Solar Powered

Apr 15, 2014 in

I’ve never seen so many stores clogged together that sell solar panels than in central Mandalay. The popularity of these is easy to understand. Not only are the environmental conditions quite right for that technology, China is also just next to Myanmar (where they are produced).

And of course, there is the notorious unreliably of the public power network. This is expressed by the “safe boxes” connected in front of every air conditioner there is which monitor the voltage from the socket and, well, do something if the voltage gets to low or high (don’t know what, never happened).

Safe boxes

To be more independent of the public power network, many hotels but also shops, restaurants and probably also families have their own generator that supplies power in case of a power cut. Which happen regularly by the way.

Running generator in a jewelry

Solar panels are normally not installed at a fixed place but just put on some table or sun-lounger in the yard and connected to a car battery. A makeshift charging station. The people can then just connect their batteries with 12V lamps or other systems and be happy. In areas with no electric power at all, like, outside of bigger cities, solar power makes electricity available in the first place.1

The use as a charging station for (portable) batteries is so predominant, that one can buy smaller sized batteries in a format that is easier to carry and sport a carrying handle and all.

A “power cart”. This cart was used to power a huge sound system which boomed Myanmese pop songs at a flower and vegetable market near the riverside in Mandalay.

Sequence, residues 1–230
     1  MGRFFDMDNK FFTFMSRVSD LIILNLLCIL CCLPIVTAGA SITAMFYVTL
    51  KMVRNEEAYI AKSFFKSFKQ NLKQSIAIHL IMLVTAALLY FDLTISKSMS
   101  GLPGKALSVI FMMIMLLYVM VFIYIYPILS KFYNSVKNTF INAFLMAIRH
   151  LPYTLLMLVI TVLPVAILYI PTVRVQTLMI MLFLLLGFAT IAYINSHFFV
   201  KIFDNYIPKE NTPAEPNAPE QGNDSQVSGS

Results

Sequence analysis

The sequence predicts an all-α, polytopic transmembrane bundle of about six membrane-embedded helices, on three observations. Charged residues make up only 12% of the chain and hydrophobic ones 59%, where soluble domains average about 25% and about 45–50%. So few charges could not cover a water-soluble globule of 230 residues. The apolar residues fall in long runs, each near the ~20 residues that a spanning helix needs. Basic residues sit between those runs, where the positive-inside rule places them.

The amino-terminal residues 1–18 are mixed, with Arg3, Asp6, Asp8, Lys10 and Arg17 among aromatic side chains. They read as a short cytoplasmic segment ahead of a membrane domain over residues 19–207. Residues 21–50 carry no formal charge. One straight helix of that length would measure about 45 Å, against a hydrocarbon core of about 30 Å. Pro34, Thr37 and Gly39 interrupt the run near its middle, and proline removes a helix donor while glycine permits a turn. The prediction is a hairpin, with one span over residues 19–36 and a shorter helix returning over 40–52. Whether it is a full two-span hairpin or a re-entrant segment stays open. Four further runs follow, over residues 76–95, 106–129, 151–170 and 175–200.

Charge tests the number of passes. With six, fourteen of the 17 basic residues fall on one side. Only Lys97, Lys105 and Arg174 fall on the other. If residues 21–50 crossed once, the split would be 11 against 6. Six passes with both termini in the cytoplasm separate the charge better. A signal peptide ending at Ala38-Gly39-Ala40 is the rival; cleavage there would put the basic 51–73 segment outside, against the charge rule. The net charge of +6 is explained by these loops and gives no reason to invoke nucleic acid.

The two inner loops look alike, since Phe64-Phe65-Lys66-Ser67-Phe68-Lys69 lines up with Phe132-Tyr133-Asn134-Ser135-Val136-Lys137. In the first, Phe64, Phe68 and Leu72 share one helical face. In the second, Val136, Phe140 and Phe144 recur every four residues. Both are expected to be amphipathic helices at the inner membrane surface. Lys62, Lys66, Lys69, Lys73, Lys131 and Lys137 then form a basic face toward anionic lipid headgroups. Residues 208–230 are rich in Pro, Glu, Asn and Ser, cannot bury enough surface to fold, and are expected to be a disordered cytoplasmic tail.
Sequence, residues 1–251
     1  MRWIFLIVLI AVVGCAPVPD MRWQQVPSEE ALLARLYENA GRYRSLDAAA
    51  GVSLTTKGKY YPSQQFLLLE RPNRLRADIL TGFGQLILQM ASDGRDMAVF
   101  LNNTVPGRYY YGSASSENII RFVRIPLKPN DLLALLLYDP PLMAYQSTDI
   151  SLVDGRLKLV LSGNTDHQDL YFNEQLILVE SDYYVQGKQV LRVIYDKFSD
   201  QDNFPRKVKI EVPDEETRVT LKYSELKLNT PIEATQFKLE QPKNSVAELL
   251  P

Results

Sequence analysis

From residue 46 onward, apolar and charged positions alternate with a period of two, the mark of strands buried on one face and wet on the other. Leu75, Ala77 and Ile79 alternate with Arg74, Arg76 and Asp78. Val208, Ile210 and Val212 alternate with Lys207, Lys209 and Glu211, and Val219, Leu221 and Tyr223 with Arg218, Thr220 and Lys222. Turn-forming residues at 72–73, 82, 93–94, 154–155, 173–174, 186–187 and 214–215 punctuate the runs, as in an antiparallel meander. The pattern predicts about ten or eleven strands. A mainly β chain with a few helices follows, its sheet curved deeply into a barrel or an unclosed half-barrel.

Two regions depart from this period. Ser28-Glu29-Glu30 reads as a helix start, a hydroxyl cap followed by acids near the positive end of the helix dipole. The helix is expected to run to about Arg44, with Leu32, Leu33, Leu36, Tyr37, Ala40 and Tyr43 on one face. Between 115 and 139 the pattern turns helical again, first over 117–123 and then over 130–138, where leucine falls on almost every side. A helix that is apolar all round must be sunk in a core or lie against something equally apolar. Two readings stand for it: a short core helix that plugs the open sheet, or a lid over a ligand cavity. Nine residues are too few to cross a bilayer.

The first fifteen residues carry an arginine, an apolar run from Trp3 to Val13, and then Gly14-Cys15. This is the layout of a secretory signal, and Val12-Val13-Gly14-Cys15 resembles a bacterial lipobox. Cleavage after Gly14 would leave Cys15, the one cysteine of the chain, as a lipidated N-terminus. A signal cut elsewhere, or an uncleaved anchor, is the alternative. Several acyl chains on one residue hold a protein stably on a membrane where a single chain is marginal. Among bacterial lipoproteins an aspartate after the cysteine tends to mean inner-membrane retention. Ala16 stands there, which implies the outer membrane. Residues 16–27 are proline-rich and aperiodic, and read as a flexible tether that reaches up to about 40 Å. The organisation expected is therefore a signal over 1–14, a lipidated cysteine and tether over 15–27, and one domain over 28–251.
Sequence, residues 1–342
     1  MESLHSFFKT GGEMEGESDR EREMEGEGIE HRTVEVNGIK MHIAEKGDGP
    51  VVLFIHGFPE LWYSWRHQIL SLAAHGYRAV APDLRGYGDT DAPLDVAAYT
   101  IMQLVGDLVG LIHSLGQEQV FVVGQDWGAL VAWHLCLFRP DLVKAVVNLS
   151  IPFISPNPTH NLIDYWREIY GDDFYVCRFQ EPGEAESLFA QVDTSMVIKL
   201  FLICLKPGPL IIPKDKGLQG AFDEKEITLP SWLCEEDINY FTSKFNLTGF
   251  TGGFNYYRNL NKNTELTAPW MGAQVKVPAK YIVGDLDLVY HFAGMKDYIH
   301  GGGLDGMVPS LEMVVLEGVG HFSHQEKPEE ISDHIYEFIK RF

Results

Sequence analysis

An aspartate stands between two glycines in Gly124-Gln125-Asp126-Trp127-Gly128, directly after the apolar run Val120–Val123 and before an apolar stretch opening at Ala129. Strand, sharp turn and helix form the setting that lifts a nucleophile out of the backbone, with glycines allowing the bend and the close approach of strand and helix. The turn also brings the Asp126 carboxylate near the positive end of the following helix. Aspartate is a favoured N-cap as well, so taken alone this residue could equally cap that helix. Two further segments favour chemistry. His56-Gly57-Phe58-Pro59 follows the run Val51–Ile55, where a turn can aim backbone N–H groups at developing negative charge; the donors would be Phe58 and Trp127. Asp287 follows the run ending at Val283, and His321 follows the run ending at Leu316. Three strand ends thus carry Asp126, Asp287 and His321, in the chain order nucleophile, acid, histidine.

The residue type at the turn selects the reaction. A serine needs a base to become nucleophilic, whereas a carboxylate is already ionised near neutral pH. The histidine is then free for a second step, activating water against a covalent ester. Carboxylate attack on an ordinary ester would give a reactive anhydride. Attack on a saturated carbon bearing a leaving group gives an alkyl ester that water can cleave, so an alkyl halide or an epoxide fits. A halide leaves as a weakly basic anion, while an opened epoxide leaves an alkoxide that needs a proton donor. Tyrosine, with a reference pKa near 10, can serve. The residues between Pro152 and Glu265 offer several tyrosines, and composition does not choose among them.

Other than Chinese solar panels, there is something else that is sweeping into the Myanmese market. And this is a new, newer than the 2 years since many countries loosened their embargoes on the country. Now since less than half a year ago, so I was told, mobile telephony is available to everyone! So, public telephone boxes tables like these…

as seen so often on the streets of Mandalay (currently out of order, the operator is on lunch break)
… will die out.

Instead, considering that public mobile telephony is only available to the broad masses since half a year (again, so I was told), Android shops selling Chinese smartphones (Huwai is a quite popular brand here, otherwise fake Samsung and iPhones are also available) are popping out of the ground like mushrooms. The discrepancy between the new shops and the established ones is sometimes striking, like in this photo:

Do you see what the shop on the left is selling?

1 I found the whole idea of being independent of the public power network so alluring, I also wanted to try it out. So I bought a compact 5V solar charger kit for about 21 USD that includes a small 30×25cm panel, a Li-Ion charger with a 5000mAh battery and 3 USB output sockets (and some 5V LED USB lamps). I have yet to put it to proper use, but it’s working so far. :-)